The Mahasweta Devi Collection #4
Only for readers in India.
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Mahasweta Devi (1926–2016) was one of India’s foremost literary figures from the late twentieth and early twenty-first centuries—a writer and social activist in equal right. Author of numerous novels, essays and short stories, she received the Jnanpith Award, India’s highest literary honour, in 1996. She was awarded the Ramon Magsaysay Award in 1997 for her ‘compassionate crusade through art and activism to claim for tribal peoples a just and honourable place in India's national life’.
This bundle contains four works by Mahasweta Devi:
1. Till Death Do Us Part: Five Stories
Translated by Vikram Iyengar
Five elderly women. And the men in their lives: husbands, lovers, sons, and friends. All living in the margins of society, ageing, enduring, struggling to make ends meet.
These touching tales, with their humour, delicacy and warmth, are each centred on a woman: There is Kuli, in the story ‘Talaq’, who finds herself unexpectedly divorced in the heat of a quarrel, but decides to defy societal taboos. Mohini, in ‘The Saga of Kagaboga’, lonely after her sons leave home, vows that since her husband objects to her verbosity, she will henceforth talk only to the crows and cranes. Kamal, in ‘The Poet's Wife’, discovers how harsh the indifference of today's world can be. Anandi, in ‘He Said, Pani’ mourns the sudden loss of her only friend and the simple pleasures of their companionship, even as insensitive forces question her links with the old man. Finally, there is the ageing actress of ‘Love Story’—Kusum, who, after a lifetime of devotion to her lover, finds herself alone, and questioning what it was all about.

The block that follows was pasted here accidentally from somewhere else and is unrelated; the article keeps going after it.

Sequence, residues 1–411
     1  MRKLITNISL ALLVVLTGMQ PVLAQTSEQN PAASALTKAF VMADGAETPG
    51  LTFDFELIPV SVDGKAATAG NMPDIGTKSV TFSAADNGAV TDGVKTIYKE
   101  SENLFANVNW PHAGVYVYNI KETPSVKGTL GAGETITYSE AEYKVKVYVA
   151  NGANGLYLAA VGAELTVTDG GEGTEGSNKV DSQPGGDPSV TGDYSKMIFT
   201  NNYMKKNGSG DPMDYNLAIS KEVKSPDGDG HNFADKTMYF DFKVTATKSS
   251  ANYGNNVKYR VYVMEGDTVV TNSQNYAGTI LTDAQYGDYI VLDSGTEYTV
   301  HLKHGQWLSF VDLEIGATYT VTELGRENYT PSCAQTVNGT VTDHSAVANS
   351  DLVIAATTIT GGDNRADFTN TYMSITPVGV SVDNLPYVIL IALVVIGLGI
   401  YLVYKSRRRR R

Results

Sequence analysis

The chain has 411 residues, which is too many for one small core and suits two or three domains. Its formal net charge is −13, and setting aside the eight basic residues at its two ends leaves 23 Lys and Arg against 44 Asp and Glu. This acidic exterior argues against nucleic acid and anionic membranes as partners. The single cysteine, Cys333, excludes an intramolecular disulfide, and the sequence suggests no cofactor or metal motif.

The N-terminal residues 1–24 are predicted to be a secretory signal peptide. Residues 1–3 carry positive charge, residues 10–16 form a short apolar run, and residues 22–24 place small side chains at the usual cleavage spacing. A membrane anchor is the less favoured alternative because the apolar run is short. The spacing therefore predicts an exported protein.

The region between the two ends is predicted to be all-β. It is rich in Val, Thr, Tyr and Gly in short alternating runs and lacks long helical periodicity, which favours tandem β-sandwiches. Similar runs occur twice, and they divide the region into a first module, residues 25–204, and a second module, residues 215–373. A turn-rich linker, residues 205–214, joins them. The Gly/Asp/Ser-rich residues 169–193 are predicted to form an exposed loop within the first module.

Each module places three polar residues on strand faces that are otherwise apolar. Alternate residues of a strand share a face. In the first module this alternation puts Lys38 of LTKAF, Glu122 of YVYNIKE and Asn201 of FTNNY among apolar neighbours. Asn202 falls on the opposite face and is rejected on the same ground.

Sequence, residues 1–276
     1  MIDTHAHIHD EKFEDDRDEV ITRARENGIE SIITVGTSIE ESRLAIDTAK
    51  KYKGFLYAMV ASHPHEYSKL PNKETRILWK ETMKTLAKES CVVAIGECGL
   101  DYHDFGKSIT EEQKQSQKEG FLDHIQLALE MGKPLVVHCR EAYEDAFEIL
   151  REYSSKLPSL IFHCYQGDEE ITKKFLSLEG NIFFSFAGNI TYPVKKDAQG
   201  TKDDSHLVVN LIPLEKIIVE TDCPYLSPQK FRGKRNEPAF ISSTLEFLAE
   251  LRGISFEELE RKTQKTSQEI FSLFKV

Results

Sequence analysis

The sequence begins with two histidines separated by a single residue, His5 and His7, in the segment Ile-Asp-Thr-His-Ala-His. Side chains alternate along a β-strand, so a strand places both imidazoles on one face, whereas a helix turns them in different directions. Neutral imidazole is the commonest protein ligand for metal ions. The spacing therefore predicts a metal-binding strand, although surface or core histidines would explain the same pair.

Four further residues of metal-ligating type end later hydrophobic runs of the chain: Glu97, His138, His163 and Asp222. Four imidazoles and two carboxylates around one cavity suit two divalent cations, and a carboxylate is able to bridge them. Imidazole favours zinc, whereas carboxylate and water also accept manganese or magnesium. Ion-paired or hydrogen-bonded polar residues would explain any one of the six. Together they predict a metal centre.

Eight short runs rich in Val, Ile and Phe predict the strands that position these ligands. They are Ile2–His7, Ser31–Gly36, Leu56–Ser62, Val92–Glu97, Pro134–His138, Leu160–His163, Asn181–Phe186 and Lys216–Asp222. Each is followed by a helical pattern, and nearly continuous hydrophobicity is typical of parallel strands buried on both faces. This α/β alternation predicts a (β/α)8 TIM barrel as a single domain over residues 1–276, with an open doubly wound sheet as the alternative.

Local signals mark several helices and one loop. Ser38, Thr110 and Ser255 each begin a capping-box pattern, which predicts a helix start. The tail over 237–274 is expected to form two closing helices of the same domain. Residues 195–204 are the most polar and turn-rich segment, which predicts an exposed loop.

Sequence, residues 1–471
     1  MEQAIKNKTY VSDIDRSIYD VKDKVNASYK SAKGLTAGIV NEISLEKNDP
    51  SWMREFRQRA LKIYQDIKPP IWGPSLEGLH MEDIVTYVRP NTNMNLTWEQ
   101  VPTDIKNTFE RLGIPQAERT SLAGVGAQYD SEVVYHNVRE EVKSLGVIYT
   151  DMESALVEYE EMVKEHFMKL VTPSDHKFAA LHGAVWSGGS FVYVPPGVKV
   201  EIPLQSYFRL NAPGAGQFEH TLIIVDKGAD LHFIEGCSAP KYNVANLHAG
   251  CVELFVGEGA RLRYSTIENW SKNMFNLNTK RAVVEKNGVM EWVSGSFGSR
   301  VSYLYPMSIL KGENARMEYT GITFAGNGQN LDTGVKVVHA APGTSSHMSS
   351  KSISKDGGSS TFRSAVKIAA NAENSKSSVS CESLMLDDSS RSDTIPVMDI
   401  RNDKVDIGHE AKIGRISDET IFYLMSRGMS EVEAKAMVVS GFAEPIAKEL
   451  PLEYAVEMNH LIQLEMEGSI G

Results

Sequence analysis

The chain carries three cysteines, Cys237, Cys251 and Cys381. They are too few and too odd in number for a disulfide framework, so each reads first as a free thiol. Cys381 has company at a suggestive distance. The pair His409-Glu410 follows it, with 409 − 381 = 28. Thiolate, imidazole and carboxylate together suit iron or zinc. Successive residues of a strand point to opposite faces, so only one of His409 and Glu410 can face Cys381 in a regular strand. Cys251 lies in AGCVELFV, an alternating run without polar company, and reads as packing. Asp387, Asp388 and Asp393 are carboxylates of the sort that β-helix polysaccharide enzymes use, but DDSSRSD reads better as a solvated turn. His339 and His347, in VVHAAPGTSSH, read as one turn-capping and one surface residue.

2. In the Name of the Mother
Translated by and Introduced by Radha Chakravarty
The stories in this volume are linked by a common thread: the mother. ‘Ma, from Dusk to Dawn’ is the story of a woman from a nomadic tribe, catapulted by her circumstances into the role of a spiritual mother whose so-called mystical powers depend upon her denial of maternal affection towards her own son during daylight hours. ‘Sindhubala’ describes the anguish of a childless woman forced to play the role of a semi-divine healer called upon to save other people’s offspring. ‘Jamunabati’s Mother’ offers a stringent critique of a consumerist society indifferent to those on the margins and ‘Giribala’ presents the plight of a village woman whose daughters are trafficked by their own father, to pay for the house he dreams of building.
3. Mother of 1084
Translated by Samik Bandyopadhyay
Mother of 1084 is one of Mahasweta Devi’s most widely read works, written during the height of the Naxalite agitation—a militant communist uprising in the 1960s–70s that was brutally repressed by the West Bengal government, leading to the widespread murder of young rebels across the state. The novel focuses on the trauma of a mother who awakens one morning to the shattering news that her son is lying dead in the police morgue, reduced to a mere numeral: Corpse No. 1084. Through her struggle to understand his revolutionary commitment as a Naxalite, she recognizes her own alienation—as a woman and a wife—from the complacent, hypocritical, and corrupt feudal society her son had so fiercely rebelled against.
4. Old Women
Translated by Gayatri Chakravorty Spivak
Old Women tells the touching, poignant tales of two timeworn women. In ‘Statue’, we meet Dulali, a widow since childhood, who is now an old woman preoccupied only with day-to-day survival. When the government decides to erect in her village a statue of Dindayal—a man who had fought in India’s struggle for independence from British rule and who also was in love with Dulali long ago—a tragic, forbidden love comes back to haunt her. And in ‘The Fairy Tale of Mohanpur’, a combination of poverty, societal indifference, and government apathy leads Andi to lose her eyesight, even as she persists in her faith in a fairy-tale solution.
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